Top U.S. diplomat George Kent said in his impeachment testimony released Thursday that the State Department’s counselor contacted Fox News host Sean Hannity this spring to ask him to stop spreading smears about Marie Yovanovitch, the then-U.S. ambassador to Ukraine who drew the ire of Trumpworld.
Kent, who serves as the State Department’s deputy assistant secretary for European and Eurasian affairs, confirmed Yovanovotich’s testimony that the department reached out to the pro-Trump Fox star after Rudy Giuliani and other Trump allies began publicly attacking her following a report by John Solomon, a right-wing columnist and frequent Hannity guest.
Asked if he was aware of anyone from state reaching out to Sean Hannity in late March or early-April, Kent answered: “Yes.”
“I believe, to the best of my recollection, the counselor for the department, Ulrich Brechbuhl, reached out and suggested to Mr. Hannity that if there was no proof of the allegations, that he should stop covering them?” the diplomat added.
He went on to note that while he wasn’t completely certain who informed him of that via email, Kent indicated that it may have been either Brechbuhl or Acting Assistant Secretary Phil Reeker.
During her testimony, released earlier this week, Yovanovitch claimed that she was told that—following the ramp-up of conservative media attacks on her last March—Secretary of State Mike Pompeo or another state official would “place a call to Mr. Hannity” and find out “what is going on.”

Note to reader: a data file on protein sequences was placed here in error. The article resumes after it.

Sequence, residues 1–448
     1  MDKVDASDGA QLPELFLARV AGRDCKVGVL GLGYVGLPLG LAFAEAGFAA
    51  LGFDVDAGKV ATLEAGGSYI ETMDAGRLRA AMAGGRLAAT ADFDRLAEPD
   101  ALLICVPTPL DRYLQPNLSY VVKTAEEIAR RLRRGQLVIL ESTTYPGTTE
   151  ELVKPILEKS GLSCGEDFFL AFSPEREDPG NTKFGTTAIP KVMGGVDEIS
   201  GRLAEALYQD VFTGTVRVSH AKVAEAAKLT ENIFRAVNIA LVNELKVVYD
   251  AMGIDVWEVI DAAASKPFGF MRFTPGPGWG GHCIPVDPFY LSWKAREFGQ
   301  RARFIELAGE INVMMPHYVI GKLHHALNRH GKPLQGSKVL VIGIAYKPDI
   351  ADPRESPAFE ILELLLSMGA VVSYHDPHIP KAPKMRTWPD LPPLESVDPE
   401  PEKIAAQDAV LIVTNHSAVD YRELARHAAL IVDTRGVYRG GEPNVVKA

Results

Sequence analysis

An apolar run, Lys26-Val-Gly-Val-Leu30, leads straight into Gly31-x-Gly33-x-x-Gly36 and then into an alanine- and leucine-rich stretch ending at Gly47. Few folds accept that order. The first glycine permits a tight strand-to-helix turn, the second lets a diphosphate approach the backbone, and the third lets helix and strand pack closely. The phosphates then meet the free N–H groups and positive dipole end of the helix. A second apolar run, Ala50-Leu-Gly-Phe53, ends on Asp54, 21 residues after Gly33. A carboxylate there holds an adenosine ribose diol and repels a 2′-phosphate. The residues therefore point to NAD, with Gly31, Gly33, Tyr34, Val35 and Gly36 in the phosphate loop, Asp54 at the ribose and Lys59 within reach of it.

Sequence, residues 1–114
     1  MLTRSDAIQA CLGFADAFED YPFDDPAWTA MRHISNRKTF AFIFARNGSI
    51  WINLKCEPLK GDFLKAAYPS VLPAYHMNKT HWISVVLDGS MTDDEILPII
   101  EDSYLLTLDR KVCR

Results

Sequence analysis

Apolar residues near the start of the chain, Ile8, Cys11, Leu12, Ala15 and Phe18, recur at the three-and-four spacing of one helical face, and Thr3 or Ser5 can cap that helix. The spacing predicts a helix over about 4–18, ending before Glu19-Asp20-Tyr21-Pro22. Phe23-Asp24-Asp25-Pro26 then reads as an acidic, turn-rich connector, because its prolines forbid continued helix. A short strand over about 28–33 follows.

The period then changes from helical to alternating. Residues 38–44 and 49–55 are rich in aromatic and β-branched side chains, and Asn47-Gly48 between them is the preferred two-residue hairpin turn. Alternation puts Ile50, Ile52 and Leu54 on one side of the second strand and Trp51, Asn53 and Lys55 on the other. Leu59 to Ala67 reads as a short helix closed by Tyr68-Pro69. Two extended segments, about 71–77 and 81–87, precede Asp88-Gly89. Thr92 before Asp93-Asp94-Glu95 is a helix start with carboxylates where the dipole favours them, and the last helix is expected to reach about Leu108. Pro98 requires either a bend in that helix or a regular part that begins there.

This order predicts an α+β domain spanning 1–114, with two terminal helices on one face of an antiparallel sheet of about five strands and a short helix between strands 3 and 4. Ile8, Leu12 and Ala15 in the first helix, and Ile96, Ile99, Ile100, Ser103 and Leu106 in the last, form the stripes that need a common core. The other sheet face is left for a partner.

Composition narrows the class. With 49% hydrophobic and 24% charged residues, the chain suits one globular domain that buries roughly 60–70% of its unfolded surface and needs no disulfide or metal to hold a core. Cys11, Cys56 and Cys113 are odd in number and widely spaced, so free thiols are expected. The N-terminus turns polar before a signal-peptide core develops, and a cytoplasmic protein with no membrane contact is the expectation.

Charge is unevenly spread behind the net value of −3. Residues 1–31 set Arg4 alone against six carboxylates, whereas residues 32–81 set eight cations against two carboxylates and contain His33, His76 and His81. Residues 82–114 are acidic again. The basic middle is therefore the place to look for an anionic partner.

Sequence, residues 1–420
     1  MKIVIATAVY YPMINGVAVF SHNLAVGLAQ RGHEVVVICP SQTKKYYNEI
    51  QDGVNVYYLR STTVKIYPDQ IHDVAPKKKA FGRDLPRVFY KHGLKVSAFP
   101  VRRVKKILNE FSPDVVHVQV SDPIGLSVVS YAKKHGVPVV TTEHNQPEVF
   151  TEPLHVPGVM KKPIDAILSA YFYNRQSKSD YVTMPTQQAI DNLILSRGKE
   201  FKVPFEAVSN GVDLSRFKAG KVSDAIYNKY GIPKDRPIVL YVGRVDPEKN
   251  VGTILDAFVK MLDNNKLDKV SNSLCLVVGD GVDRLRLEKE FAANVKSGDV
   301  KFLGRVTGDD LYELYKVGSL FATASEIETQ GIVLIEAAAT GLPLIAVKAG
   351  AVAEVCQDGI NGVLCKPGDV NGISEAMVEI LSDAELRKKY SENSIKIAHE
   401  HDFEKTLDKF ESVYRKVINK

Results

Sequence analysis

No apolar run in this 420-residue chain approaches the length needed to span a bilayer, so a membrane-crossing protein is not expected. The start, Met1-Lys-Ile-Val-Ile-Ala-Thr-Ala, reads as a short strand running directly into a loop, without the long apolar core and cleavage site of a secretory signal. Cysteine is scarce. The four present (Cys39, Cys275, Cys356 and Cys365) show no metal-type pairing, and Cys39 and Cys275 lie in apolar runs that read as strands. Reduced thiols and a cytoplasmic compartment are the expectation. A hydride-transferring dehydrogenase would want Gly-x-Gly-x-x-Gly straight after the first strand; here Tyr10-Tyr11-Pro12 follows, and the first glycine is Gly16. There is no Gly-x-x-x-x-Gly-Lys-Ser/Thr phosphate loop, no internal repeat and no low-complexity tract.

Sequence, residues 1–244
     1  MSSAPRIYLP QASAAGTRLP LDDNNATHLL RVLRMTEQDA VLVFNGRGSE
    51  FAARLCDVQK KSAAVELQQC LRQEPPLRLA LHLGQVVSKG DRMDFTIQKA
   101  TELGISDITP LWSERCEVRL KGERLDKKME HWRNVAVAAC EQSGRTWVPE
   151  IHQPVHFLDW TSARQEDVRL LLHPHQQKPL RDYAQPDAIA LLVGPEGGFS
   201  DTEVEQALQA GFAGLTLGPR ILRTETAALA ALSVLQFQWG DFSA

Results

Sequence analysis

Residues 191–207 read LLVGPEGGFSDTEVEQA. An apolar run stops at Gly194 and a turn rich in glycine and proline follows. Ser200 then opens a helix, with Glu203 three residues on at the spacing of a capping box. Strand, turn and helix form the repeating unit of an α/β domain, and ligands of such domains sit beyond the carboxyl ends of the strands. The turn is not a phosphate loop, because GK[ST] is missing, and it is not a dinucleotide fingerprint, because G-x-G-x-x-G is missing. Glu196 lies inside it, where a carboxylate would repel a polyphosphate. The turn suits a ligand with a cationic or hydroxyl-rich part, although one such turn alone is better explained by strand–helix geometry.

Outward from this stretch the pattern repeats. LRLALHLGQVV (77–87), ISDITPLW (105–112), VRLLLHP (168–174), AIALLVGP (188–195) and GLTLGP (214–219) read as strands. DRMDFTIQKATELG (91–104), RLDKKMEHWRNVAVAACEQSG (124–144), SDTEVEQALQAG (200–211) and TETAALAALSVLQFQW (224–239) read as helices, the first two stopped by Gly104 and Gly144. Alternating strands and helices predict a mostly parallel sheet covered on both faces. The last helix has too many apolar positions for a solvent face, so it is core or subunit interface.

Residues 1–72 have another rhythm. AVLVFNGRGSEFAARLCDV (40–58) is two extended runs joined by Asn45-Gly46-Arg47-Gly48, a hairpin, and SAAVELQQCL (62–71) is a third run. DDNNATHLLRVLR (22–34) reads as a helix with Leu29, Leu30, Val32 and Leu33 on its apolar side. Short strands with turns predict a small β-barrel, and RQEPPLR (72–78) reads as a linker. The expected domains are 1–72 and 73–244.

Following the release of Yovanovitch’s testimony, Hannity claimed he didn’t “know anything” about the ex-ambassador and called such reports “fake news.” The Fox News star did admit, however, that her “name came up a few times on the show” and that he “did ask one question about a news report if she was involved in something.” That “one question” was to Trump-supporting lawyer Joe diGenova, who has also found himself entangled in the Ukraine scandal in recent months.
Mentioning that the pro-Trump media attacks on Yovanovitch ramped up following Solomon’s interview with former Ukraine prosecutor general Yuriy Lutsenko, Kent noted in his testimony that Solomon’s report was actually based on lies.
“It was, if not entirely made up of full cloth, it was primarily non-truths and non-sequiturs,” Kent stated. In fact, one of the supposed bombshells of the interview—that Yovanovitch gave Lutsenko a do-not-prosecute list—was eventually retracted by the top prosecutor.
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